Close this search box.

Our Network

Resources and Tools

Frequently Asked Questions

NTN is a nonprofit education organization that works closely with leadership teams and classroom educators to make change scalable and sustainable. With more than 25 years of supporting schools and districts in change-making, NTN has the ability to recognize common patterns across systems and what is unique about each school and district community. 

Let’s take a moment to answer “What is Project-Based Learning?” Project-based learning (PBL) is an inquiry-based and learner-centered instructional approach that immerses students in real-world projects that foster deep learning and critical thinking skills. Project-based learning can be implemented in a classroom as single or multiple units or it can be implemented across various subject areas and school-wide. Click the link to the  Comprehensive Guide to Project-Based Learning for more information.

Like project-based learning (PBL), problem-based learning (PrBL) engages students in complex tasks, employs student-centered instruction and small group work, and positions the teacher as a facilitator of learning. In addition, PrBL accurately reflects the types of explorations, discussions, questions, and interactions that are authentic to mathematics as a discipline. Click here to learn more about the difference between PBL and PrBL

  • PBL Research – Read through a database of evidence and research not conducted by NTN focused on project-based learning and its effects on teachers and students.
  • 2023 Impact ReportNew Tech Network is proud to present the 2023 Impact Report. This endeavor highlights new and updated research, and provides evidence about the NTN Model, project-based learning, and the work taking place across our network.
  • By integrating project-based learning into the classroom, educators can unlock a multitude of benefits for students. The evidence supports the positive impact of PBL on students, teachers, and school communities. Find out more about How Project-Based Learning is Effective in Education.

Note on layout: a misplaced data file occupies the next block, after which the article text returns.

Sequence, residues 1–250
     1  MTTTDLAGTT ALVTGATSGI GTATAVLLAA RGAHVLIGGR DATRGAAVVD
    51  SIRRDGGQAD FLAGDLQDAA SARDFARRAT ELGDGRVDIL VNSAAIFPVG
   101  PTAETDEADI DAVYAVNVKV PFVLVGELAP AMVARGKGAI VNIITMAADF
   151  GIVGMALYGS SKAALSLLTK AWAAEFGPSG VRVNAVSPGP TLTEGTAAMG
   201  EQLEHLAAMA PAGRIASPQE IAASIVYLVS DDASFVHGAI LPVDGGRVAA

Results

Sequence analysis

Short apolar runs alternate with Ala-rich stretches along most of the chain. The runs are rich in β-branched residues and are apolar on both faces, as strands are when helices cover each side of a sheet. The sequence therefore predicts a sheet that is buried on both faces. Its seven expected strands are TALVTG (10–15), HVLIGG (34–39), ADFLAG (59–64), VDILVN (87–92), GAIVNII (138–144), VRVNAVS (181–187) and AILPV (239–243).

NTN provides support and collaboration for teachers as they engage learners, create relevant, meaningful PBL content, and support the social and emotional needs of each student.  As with all adult learning, teachers are ultimately in control of implementing what they learn. NTN provides professional development aimed at creating equitable learning environments through PBL and learner-centered practices. NTN School Development coaches work with PLCs or grade-level teams to support PBL design and implementation, provide email support on a particular classroom practice or project idea feedback and teachers can browse the NTN Help Center for PBL resources and tools for immediate use in their classrooms. We know teachers have deep knowledge about their content areas, their students, and their practice. A large part of our support is helping teachers leverage their assets while cultivating equitable learning environments in their school. 

NTN has no set curriculum for teachers to follow. We encourage teachers to continue implementing content that their state standards have outlined for them.  We do have NTN Curriculum Frameworks that are used to support learning about PBL design in various content areas, including some elective courses. The projects embedded in the NTN Curriculum Frameworks are intended to be models, but only models to get you started. You may choose to review them to understand what PBL looks like in the planning phase OR you may choose to use the projects in your classroom. As with any instructional materials, you will need to adjust based on the needs of your students, your context, etc. The Project Snapshots in the Curriculum Frameworks were created to use as a curriculum map for a given grade level.  Project snapshots are built out to varying degrees and some have completed Project Planning Toolkits linked within them